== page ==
The recently published changes in the eighth edition of the AJCC Cancer Staging Manual,2 compared with the seventh edition,3 effectively add more detail by stratifying the T stage of lung cancers based on every increasing 1.0-cm increment, up to 5.0 cm, with an upper staging size threshold of 7.0 cm ❚Table 1❚. This stratification will help to more accurately stage patients to provide optimal guidance for treatment decisions. Accurate measurements of tumor sizes are therefore of the upmost importance, so that patients are staged correctly.

Clinical tumor staging of lung cancer is for the most part based on radiologic measurements. For patients who are surgical candidates, this clinical staging is superseded by subsequent pathologic tumor staging following surgery, helping direct clinical management such as adjuvant chemotherapy. In general, there is good correlation between the radiologic and pathologic measurements of lung cancers, especially for smaller tumors.4 However, there are often difficulties associated with obtaining accurate gross pathologic measurements,5-8 especially in tumors manifesting as pure ground glass or part-solid lung nodules on computed tomography (CT). In addition to the potential technical challenges for assessing gross tumor size, measurement bias can be an issue. This has been hinted at in the past with a study describing the tendency of pathologic measurement of small breast tumors to overrepresent tumor sizes in 0.5-cm increments,9 which correspond to the larger hash marks on a typical ruler. Understanding if measurement bias is also encountered in the setting of resected lung adenocarcinomas would be important, especially given the potential tumor staging implications. To determine if this type of bias is present in lung adenocarcinoma resection specimens, we queried a maintained pathology-radiology database of surgically resected primary lung adenocarcinomas at our institution over a 10-year period. In doing so, we aimed to compare potential measurement bias in pathology samples with radiologic CT measurements.

Following approval by our institutional review board (protocol 15-020), the electronic medical record system and pathology department laboratory information system were searched for all surgically resected lung adenocarcinoma specimens (wedge, segmentectomy, or lobectomy) at our institution from January 2005 through March 2015. A total of 607 surgically resected lung adenocarcinomas were identified. These were then matched to our hospital’s radiology database to find those with preresection CT examinations available in the picture archiving and communication system (PACS) of our hospital. Preresection CT scans were available for 534 (88.0%) of 607. Of the cases with available preresection CT scans, only those with a final pathologically measured size of 8.0 cm or less were included, resulting in 493 (92.3%) of 534 cases available for this study. This threshold was chosen as 8.0 cm is 1.0 cm greater than the largest T-stage cutoff of 7.0 cm, measurements above which would have no bearing on pathologic tumor staging. Additional studies have been conducted on subsets of the larger 534 case cohort for which CT scans were available, evaluating radiologic-pathologic correlations of adenocarcinomas manifesting as solid lung nodules10 and as pure ground-glass nodules (unpublished data).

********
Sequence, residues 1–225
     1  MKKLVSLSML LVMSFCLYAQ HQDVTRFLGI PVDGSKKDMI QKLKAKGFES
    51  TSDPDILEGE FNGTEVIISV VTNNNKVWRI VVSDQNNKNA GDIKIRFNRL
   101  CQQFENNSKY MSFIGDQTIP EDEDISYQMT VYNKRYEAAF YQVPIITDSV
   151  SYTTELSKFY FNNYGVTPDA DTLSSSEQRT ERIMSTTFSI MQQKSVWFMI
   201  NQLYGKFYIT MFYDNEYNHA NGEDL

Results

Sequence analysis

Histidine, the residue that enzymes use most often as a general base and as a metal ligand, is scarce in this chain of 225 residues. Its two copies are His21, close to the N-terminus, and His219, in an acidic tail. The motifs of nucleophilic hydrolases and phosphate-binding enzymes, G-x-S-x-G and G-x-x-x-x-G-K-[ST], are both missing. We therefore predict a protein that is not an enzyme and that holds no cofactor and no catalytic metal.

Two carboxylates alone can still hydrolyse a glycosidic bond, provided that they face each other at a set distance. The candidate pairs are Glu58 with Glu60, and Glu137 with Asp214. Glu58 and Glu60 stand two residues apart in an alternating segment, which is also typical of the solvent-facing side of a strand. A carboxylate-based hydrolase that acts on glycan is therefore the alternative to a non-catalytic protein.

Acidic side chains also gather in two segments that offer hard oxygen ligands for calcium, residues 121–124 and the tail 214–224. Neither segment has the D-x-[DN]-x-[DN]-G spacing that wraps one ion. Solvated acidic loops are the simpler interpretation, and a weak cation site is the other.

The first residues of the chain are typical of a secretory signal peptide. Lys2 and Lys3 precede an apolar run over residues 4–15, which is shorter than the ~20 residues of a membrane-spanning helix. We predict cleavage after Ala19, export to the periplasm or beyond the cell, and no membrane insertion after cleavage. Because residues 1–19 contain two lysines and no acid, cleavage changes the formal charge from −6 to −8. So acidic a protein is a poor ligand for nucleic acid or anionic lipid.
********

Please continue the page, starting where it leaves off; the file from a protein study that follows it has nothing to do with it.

Results

Study Material

CT scans were acquired over our entire hospital network, using various CT scanner units and acquisition protocols. However, all CT scanner units were considered state of the art at the time of acquisition.

CT Acquisition

All CT examinations were performed over the entire thorax, at full suspended inspiration, and with the patient in supine body position. Examinations before April 2007 were performed with fixed mAs (range, 130-340 mAs) and 120 kVp. After April 2007, the examinations were performed using automated exposure control and other dose reduction algorithms. All images were reconstructed in lung window settings (mean, −500 HU; width, 1,500 HU). Only images reconstructed in the transverse plane were used in this study.

Figure 1

The surgically resected tumors were formalin fixed and grossed by a surgical pathology resident according to the departmental standard operating procedure at the time of grossing. Over the study period, a total of 99 residents were involved in specimen grossing. The gross pathologic measurements of the lung tumors were performed using a standard plastic centimeter scaled ruler with 0.1-cm markings. Measurements were recorded in three dimensions after formalin inflation and fixation and serial sectioning of the surgical specimen. The greatest measured dimension was used for pathologic T staging. All measurements were included in the gross description as well as the synoptic reporting portion of the final pathology report.

Figure 1